One of the nation’s most voracious media giants has made a bid for the company that owns the Los Angeles Times and the San Diego Union Tribune, and if the deal is done, California’s newspaper economy would be almost entirely in the hands of two corporations known for ruthless labor relations and replacing local content with stories derived from others newspapers in their respective chains.
Gannett Co Inc, publisher of USA Today, said it offered to buy Tribune Publishing Co in a deal valued at about $815 million, including debt, but the owner of the Los Angeles Times and Chicago Tribune refused to begin “constructive” talks.
“We therefore are prepared to consider all alternatives to complete this transaction,” Gannett Chief Executive Robert Dickey said in a letter to Tribune Publishing’s board on Monday.
Tribune Publishing, however, said in a statement that it had told Gannett it would engage financial and legal advisers to review the proposal and its “numerous contingencies.”
Chicago-based Tribune Publishing has been shaking up its top management, replacing its chief executive in February and said a month later that it would replace its chief financial officer.
Gannett, the publisher of USA Today, controls more of the country’s newspaper circulation than any other publisher, and if the company wins control of Tribune publishing, the merger would give them control of more than 17 percent of the nation’s total newspaper circulation.
From the Wall Street Journal:
Digital First, the number two company on the list, controls the largest share of newspaper circulation in California, and owns both the Los Angeles News Group and the Bay Area News Group.
The merger would leave the vast majority of California’s newspaper circulation in the hands of two corporate giants.
More from the New York Times, focusing on problems in Tribune Publishing’s California papers:
In recent years, The Los Angeles Times has become a flash point for disagreement between Tribune Publishing and its California newspapers. Austin Beutner, The Times’s publisher, was ousted last fall after only a year in the position because company executives viewed his ambitious plan to dominate California journalism as defiant and a threat to their centralized strategy. The newsroom has been reduced by job cuts. The philanthropist Eli Broad has long sought to buy the paper, but his moves have been spurned.
In a further sign of discontent between Tribune Publishing and its California newspapers — in addition to The Los Angeles Times, the company also owns The San Diego Union-Tribune — the two entities have sparred over financial projections.
More recently, Tribune Publishing failed in its bid for Freedom Communications, which owns The Orange County Register and The Press-Enterprise of Riverside, Calif., after the Justice Department objected to the deal.
The Wall Street Journal looks at key differences between the two publishing giants:
Gannett owns 107 mostly small- and mid-market U.S. dailies in 34 states, as well as its flagship, USA Today. Last summer, after Gannett was spun off as a newspaper group from television properties that now make up Tegna Inc., Mr. Dickey said the company would aggressively pursue acquisitions of larger market publications.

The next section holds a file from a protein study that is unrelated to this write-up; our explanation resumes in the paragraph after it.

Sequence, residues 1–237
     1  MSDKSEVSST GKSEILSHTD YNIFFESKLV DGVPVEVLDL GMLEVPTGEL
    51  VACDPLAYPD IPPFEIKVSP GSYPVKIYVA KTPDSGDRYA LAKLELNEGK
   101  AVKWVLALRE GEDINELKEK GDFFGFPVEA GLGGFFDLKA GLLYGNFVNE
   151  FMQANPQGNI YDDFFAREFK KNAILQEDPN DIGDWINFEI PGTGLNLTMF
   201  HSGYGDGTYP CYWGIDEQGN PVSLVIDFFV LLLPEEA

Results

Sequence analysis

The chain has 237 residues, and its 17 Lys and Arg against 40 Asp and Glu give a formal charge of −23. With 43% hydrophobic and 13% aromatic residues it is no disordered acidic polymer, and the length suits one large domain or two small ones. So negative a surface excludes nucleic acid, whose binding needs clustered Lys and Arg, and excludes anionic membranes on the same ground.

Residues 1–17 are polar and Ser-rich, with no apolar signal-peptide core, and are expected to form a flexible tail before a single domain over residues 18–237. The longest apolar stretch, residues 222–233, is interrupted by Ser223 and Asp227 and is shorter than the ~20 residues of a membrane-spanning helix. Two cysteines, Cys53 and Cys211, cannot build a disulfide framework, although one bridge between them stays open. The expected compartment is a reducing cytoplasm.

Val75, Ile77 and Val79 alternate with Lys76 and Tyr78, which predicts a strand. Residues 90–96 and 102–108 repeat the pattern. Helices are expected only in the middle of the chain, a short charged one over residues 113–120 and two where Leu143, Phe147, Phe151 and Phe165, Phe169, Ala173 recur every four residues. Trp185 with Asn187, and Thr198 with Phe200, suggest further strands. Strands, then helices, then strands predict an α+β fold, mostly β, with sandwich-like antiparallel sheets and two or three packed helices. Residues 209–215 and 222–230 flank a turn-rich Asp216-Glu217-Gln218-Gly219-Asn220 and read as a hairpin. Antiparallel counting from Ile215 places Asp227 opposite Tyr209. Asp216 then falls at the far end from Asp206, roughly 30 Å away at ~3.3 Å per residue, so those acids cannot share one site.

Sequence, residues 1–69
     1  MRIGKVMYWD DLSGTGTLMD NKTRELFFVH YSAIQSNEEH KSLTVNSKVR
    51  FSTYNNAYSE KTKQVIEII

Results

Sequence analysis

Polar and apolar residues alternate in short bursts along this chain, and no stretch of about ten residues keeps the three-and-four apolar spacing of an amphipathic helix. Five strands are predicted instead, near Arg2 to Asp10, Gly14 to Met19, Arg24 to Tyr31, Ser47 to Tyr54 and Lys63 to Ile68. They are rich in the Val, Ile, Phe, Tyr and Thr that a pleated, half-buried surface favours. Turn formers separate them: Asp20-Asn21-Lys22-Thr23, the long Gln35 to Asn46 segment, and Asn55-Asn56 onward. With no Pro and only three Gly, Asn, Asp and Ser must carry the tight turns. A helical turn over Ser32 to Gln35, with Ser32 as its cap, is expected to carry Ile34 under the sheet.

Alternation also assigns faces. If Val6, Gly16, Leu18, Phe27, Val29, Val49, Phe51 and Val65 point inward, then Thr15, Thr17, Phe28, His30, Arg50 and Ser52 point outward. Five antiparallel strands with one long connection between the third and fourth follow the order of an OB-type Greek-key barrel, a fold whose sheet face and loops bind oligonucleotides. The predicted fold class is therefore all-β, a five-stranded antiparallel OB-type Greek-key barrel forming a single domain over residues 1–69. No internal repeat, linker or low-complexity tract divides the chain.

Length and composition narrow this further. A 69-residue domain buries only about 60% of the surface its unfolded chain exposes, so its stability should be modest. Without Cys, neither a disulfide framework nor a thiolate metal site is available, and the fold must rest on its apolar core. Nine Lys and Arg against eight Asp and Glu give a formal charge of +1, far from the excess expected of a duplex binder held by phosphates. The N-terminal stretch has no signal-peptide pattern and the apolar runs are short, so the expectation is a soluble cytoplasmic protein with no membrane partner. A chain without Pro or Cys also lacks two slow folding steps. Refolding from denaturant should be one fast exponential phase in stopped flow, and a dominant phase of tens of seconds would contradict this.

Tribune Publishing also was separated from television holdings but has struggled to find its footing as an independent company since the split in late 2014, less than two years after its predecessor company emerged from bankruptcy. Tribune owns 11 big dailies in disparate markets that have made it difficult to combine costs as well as others have.
The company has reported declining year-over-year revenue in almost every quarter since the spinoff. Its stock price has tumbled 69% since then, from $24.50 a share to $7.52 at market close Friday. On Monday, following news of the proposal, shares of Tribune Publishing jumped 53% to $11.50.
Back when esnl came to California in 1967, all of the California papers involved were family owned, with the San Diego publications owned by the Copley family and the Los Angeles Times by the Chandlers. Both families are now gone from the business.
Otis Chandler, the last of his family to run the Times, was unique in that for all his considerable imperial ambitions and a reluctance to expose the misdeeds of some of LA’s rich and powerful, under his reign the Times accomplished some remarkable journalism and opened up bureaus on other continents.
He was ousted by his own family, who wanted cash more than Pulitzers, and the paper went steadily downhill until today it’s a mere shadow of what it was when Otis was at the helm.
The San Diego Union and Tribune, then two separate publications, were owned by the Copley family and managed by retired Marine Corps Lt. Gen Victor “Brute” Krulak. Investment bankers took over Copley’s papers, then sold them to Tribune Publishing, leaving California newspaper landscape more consolidated, as well as devastated.